Nov 21, 2016

Catholic Church 'knew' about crimes of paedophile priest but did nothing for four decades, court hears

NOVEMBER 21, 2016

A Supreme Court justice has ordered that lawyers for the Catholic Church and two women suing it over their alleged child sexual abuse attempt to settle the case outside court.

Two sisters, known for legal reasons as LG and MG, are suing both the estate of the late Maitland-Newcastle Bishop Leo Clarke — who was in charge at the time of the alleged crimes — as well as trustees of the Roman Catholic Church for the Diocese of Maitland-Newcastle.

The sisters were allegedly sexually abused by Father Denis McAlinden in the 1970s and 1980s.

McAlinden died in a nursing home in 2005 without ever having been charged in New South Wales.

A 2013 special commission of inquiry found he had a history of sexually abusing children over five decades, and may have abused more than 100 victims.

Concerns trial may cause 'unnecessary distress' for women
Supreme Court Justice Peter Garling ordered the lawyers for the two parties "exhaust all avenues to resolve the matter outside court" before he allowed the hearing to continue.

Justice Garling said he was concerned the women would be further distressed by the court proceedings and any potential cross-examination and initially gave the lawyers until 2:00pm to reach an agreement, but that was later extended to 10:00am on Tuesday.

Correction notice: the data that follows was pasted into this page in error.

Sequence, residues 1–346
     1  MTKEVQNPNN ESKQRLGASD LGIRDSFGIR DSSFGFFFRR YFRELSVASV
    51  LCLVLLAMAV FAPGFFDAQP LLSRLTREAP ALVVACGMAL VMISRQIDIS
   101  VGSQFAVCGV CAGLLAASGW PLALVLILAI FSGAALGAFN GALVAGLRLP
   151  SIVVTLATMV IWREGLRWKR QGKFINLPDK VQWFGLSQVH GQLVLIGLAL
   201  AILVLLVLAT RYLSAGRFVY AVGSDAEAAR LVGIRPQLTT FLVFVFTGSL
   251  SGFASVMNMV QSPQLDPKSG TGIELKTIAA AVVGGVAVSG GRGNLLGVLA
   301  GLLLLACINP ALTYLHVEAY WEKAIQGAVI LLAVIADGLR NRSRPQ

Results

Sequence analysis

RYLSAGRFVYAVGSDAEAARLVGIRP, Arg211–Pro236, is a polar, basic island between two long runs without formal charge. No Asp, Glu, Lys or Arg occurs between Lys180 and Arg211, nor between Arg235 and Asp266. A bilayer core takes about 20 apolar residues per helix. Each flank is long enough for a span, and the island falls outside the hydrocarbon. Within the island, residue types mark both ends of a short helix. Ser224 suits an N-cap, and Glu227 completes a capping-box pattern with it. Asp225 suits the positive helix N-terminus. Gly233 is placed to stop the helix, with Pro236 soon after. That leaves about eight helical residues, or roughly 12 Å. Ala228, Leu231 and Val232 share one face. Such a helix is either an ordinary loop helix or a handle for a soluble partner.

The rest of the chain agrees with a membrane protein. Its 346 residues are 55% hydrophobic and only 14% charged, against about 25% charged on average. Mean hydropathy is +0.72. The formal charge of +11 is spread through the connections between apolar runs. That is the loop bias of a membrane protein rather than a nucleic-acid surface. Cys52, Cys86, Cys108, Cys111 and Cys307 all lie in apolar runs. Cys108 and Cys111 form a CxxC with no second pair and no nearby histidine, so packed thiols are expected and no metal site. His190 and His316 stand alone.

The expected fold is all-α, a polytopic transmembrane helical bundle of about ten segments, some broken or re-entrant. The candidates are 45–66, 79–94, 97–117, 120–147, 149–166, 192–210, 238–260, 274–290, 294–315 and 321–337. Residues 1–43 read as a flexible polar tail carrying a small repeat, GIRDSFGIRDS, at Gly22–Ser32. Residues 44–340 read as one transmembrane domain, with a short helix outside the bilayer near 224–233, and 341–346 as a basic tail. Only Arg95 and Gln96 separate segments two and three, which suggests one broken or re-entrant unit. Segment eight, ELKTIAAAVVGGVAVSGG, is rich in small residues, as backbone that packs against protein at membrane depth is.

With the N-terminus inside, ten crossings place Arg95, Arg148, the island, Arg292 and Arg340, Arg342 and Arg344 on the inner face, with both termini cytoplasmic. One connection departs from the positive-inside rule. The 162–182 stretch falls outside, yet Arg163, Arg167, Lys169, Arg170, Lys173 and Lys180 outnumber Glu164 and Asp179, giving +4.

"I am concerned that before we embark on a three-week hearing that I have comfortable assurances that attempts to resolve this in a rational way outside the courtroom have been concluded," he said.

"This is not a court where plaintiffs or any witness should be unnecessarily put in distress."
Earlier, the womens' barrister, Anthony Bartley SC, told the Supreme Court that McAlinden had already raped and abused generations of girls in the Maitland region before he got to the sisters.

Mr Bartley said there was a "repeating pattern from 1949 to the 1990s" of the Catholic Church moving the now-dead priest around 21 local parishes, as well as to New Zealand, Papua New Guinea and Western Australia.

He said there was "a convincing body of evidence that the diocese knew of his conduct in the 1950s and knew of it in the 1950s".

Four decades of alleged abuse by deceased priest
Mr Bartley said the priest was not formally stood down until 1993.

"The church had always available to it the same steps it took so swiftly and efficiently in 1993," he said.

"The reputation has been preserved at the expense of the very children that the church offered protection to."
The church has admitted a duty of care regarding McAlinden only from May 1976 onwards, which is when it says it first became aware of his actions towards children.

The ABC has been told the Catholic Church will not be using the Ellis defence to block this civil litigation.

That relates to the 2007 ruling where the New South Wales Court of Appeal found the Catholic Church could not be sued for compensation because it was not a legal entity.

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